What Has Government Done To Our Money? by Murray N. Rothbard
The answer to this question is somewhat obvious. What has government done to our money? Screw it up. And that is precisely the answer gives in this modest book of about 100 pages. As someone who has thought and even occasionally read about the problem of currencies , I do not find the author’s arguments in favor of the gold standard particularly persuasive. That said, I do find the author’s comments about the way that government has screwed up monetary policy as effectively as it has screwed up every other aspect of human life very persuasive. Indeed, one wonders if currency reform in general is just a fig leaf to cover the general libertarian ideal to gut government in general and keep it to very narrow boundaries. And while I am no libertarian myself, I certainly understand that governments have screwed up monetary policy any time they have gotten involved in it, largely because governments are run by people who do not know what they are doing while seeking short-term gains at the cost of long-term suffering and misery for the very people they express a desire to help.
This book makes for fairly grim and unpleasant reading, although I did read it mostly late at night, so I only have myself to blame for whatever nightmares it caused. At a bit more than 100 pages of large paper with fairly large text, this is not a particularly long book, thankfully. After a short introduction (1), the author talks about money in a free society, examining the value of exchange, barter, the question of money supply and hoarding and coexisting moneys like gold and silver (2). Then the author moves into his main argument about government meddling with money by looking at inflation, monopolistic behavior, debasement, coinage, and the removal of government checks on runaway inflation (3). After this the author gives a generally enlightening and grimly humorous discussion of the monetary breakdown of the west through nine phasis from the classical gold standard of the long post-Napoleonic peace (1815-1914) to various attempts at floating currency or using a bullion standard that limited forex trading in gold to institutional traders and governments to the current post-Bretton Woods period of fluctuating fiat currencies (4). The author appears to be of the belief that the gold standard itself would stabilize currencies, although this is perhaps a first step to a larger goal of libertarian behavior.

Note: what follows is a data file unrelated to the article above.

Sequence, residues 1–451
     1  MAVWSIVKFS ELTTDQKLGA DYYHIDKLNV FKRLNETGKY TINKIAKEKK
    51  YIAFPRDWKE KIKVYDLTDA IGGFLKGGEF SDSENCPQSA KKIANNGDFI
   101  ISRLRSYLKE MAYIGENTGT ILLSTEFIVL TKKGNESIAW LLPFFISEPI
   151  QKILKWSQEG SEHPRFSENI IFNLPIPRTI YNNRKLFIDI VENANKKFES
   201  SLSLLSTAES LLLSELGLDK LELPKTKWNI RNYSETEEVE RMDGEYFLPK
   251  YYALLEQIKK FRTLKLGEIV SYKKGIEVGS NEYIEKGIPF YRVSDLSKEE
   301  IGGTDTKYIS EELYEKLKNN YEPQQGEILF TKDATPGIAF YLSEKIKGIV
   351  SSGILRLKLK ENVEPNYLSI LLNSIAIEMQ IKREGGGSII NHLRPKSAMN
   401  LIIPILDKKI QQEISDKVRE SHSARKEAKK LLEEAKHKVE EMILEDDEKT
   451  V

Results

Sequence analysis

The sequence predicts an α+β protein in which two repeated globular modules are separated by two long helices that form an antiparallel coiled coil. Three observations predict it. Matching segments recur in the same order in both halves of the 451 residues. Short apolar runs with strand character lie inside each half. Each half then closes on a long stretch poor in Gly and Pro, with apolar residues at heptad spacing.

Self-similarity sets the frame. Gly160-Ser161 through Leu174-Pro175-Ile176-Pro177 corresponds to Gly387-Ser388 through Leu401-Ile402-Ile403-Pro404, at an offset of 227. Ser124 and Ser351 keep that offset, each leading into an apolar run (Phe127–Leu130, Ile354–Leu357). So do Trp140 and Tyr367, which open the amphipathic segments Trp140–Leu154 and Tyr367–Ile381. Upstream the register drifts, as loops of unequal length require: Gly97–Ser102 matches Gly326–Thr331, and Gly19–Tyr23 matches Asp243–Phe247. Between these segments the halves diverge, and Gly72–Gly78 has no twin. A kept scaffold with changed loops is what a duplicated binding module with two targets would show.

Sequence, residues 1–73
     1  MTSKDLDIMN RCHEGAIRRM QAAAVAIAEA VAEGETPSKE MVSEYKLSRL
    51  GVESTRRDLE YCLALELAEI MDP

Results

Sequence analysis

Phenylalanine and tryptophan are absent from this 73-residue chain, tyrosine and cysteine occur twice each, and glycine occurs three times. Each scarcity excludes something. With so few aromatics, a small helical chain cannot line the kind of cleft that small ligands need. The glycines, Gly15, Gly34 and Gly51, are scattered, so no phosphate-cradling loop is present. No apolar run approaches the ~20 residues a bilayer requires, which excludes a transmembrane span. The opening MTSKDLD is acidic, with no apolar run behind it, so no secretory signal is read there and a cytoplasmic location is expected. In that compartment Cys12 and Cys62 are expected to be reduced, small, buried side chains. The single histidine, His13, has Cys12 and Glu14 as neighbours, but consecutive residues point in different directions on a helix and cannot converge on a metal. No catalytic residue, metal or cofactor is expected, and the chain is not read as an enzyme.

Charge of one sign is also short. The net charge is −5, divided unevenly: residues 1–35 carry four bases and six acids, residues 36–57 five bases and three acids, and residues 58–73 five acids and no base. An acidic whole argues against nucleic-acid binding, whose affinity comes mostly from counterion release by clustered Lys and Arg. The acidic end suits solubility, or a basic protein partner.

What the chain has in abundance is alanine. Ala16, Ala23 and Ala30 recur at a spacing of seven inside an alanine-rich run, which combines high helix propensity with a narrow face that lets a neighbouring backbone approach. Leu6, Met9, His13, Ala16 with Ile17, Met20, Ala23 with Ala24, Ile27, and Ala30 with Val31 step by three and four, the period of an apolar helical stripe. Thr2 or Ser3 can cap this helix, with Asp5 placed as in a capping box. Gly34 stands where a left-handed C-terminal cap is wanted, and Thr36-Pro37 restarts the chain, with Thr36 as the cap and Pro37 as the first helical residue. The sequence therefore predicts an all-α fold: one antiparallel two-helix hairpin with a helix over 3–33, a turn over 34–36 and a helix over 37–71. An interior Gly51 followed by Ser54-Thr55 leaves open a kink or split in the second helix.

This book provides ample discussion of the fact that government cannot be trusted with a monopoly over monetary policy. Unfortunately, those of us whose low levels of trust are more pervasive than that of the writer will understand that government cannot be trusted in particular because people cannot be trusted in general. Whatever system exists of either finance or government or indeed anything else, there will be corrupt people who will want to rig that system in their favor and screw everyone else over. The reason we have governments and regulation at all is because people have shown themselves to be corrupt and exploitative, and the general decline of conscience in our society has, by the predictable operation of Colson’s law, led to the increased proliferation of regulations and police in order to deal with the essential lack of goodness in human nature. If we cannot trust governments to avoid inflating currencies to worthlessness, then the reasons we cannot do so is because both people and governments as a whole have ruinous levels of debt and because it is easy to print money little by little than to deal with the harder and more beneficial aspects of fiscal restraint on either the micro or macro level.
 See, for example: